William left Anzac Cove on 6 May and by the morning of 8 May was in position behind the lines at Krithia. William’s unit was ordered to attack with barely ten minutes notice. William’s section was one of the advance companies of the battalion when it launched its assault.

Spreading out and rushing forward to the enemy lines more than 1,000 metres away. William faced increasing rifle and machine gun fire as well as shrapnel from artillery shells bursting overhead. Ottoman snipers picked off the advancing Australians. The enemy fire was so devastating that the attack was suspended at 6.30 pm, the Australians having barely crossed the half the ground required.

Over 50 per cent of the battalion was killed, wounded and missing. Many officers were killed along with their men, including William. We don’t know if he was killed instantly or died after lying on the battlefield. A photograph from that terrible morning shows the carnage exacted on the Australians. The official British historian of the Gallipoli campaign called the battle Australia’s “unrecognised Balaclava”. Although never captured by the Allies, the village would be devastated by Allied bombardments and left in ruins.

In 2015 I visited the rebuilt village of Krithia (now named Alcitepe) on my journey to the Helles Memorial to the Missing at the end of the Gallipoli peninsula. The Asia Minor catastrophe saw the Greek villagers of Krithia forced to flee to Greece and establish their new village of Krithia to the north of Thessaloniki, not far from Flora’s village near Serres.

The former Greek village of Krithia today. Photo: Jim Claven

William’s death is recorded on the Helles Memorials’ sandstone memorial walls, one of the 248 Australians amongst the over 20,000 Allied names recorded there. His name may well have been etched by one of the many local Greek stonemasons who had returned to the area following the end of the war and who worked on the memorials on the peninsula. It was also recorded in his home suburb of Prahran, in the gilt lettering on the grand Memorial Wall of the local RSL Hall.

William was also missed by his fellow trade unionists. In 1915 the Union recorded “their admiration for their late comrades who died fighting for the Empire” and “their sincere sympathy for those whose hearts were sad for their loss of their beloved ones”. The union’s journal recorded the “deep regret” of the union’s Victorian secretary at the news of the death of ‘Comrade Davis’ and on behalf of all Victorian members “extend[ed] their heartfelt sympathy to Mrs Davis and her family in her hour of trial”.

William Davis’ story reveals more of the story of Anzac and how it affected society. With his death, Australia and his family were denied the future contributions of William and all the others killed and wounded in the war. We know that later in the First World War, Australian society was divided by the two conscription referendums unsuccessfully launched by the Hughes government. William was one of those who volunteered – as all diggers did – and indeed the majority of enlisted men voted against the introduction of conscription. Many trade unions were in the forefront of the movement opposed to conscription. We don’t know William’s view but as a prominent trade unionist it is likely he would have opposed its introduction. The success of the campaign opposing conscription is commemorated on the walls of the very Trades Hall that witnessed William’s send-off.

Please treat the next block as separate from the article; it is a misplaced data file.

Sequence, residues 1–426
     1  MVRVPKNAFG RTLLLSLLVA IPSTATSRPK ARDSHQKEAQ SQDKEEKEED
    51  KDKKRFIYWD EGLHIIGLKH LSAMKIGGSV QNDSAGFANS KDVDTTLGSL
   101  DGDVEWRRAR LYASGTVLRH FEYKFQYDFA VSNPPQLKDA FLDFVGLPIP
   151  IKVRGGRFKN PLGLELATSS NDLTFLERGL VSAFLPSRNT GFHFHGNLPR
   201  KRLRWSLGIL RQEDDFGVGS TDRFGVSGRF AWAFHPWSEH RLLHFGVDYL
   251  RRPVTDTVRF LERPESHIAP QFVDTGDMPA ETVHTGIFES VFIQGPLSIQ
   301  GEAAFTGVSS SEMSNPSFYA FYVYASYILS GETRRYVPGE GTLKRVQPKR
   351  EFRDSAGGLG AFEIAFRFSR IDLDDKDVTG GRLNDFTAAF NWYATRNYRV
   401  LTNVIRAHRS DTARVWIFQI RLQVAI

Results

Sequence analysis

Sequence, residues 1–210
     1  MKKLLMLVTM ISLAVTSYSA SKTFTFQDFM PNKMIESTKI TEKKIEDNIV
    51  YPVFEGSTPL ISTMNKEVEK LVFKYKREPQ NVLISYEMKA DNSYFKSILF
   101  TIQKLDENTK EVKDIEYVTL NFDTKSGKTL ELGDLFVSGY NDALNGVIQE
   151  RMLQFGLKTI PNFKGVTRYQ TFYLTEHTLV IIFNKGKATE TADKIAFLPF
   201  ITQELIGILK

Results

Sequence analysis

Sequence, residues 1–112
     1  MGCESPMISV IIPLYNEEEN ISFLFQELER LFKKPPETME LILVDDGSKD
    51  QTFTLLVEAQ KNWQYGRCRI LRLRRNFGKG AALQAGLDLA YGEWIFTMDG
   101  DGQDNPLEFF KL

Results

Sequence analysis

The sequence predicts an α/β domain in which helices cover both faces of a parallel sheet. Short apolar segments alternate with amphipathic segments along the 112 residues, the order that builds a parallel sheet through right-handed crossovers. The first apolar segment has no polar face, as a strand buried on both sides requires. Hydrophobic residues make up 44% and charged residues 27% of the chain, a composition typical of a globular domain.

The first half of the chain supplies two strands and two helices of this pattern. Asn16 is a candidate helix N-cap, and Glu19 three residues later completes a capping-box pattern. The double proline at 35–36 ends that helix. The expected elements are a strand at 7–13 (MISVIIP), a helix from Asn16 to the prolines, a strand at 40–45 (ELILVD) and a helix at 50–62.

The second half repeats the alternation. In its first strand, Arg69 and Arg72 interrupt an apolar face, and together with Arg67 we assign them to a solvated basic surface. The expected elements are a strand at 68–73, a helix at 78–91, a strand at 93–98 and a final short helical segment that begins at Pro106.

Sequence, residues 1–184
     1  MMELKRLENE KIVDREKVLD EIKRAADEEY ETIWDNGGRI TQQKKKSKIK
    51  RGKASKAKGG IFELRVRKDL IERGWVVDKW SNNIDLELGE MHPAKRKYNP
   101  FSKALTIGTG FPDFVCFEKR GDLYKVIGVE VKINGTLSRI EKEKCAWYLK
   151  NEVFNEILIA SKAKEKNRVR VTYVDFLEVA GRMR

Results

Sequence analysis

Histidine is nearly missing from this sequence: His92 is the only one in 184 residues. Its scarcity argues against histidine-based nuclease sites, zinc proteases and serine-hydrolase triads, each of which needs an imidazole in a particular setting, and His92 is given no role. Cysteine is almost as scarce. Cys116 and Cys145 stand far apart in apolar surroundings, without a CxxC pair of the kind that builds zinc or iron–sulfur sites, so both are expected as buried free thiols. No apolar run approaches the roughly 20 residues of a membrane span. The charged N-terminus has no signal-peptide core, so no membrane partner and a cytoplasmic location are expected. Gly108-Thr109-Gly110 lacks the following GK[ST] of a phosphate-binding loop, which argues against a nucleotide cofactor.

Some years ago Malcolm McDonald made the journey to Gallipoli where William’s journey had ended. More recently, Malcolm and Flora made their own pilgrimage to Lemnos, following in William’s footsteps. They arrived on Lemnos from Kavala and were guided through the island’s war cemeteries, and the ancient site of Poliochni, by a generous local. Staying in one of Myrina’s harbourside hotels, Malcolm and Flora sat on the very harbour were hundreds – if not thousands – of Allied soldiers and nurses walked in 1915. And no doubt many would have enjoyed the wonderful seafood in the local fish restaurants, as Malcolm and Flora did.

Flora and Malcolm McDonald at the Lemnos Gallipoli Memorial in Albert Park, Melbourne. Photo: Jim Claven

The story of William Davis – and that of Malcolm and Flora McDonald –reveals again the web of connections linking ordinary Australians and Hellenes through our common Hellenic Anzac story.

* Jim Claven is a historian, freelance writer and secretary of the Lemnos Gallipoli Commemorative Committee (LGCC). He is working with committee president Lee Tarlamis on a commemorative event to be held at the Lemnos Gallipoli memorial honouring Anzac trade unionists such as William Davis. Malcolm McDonald is also a member of the LGCC. Jim Claven thanks Flora and Malcolm McDonald for sharing their story. Jim can be contacted via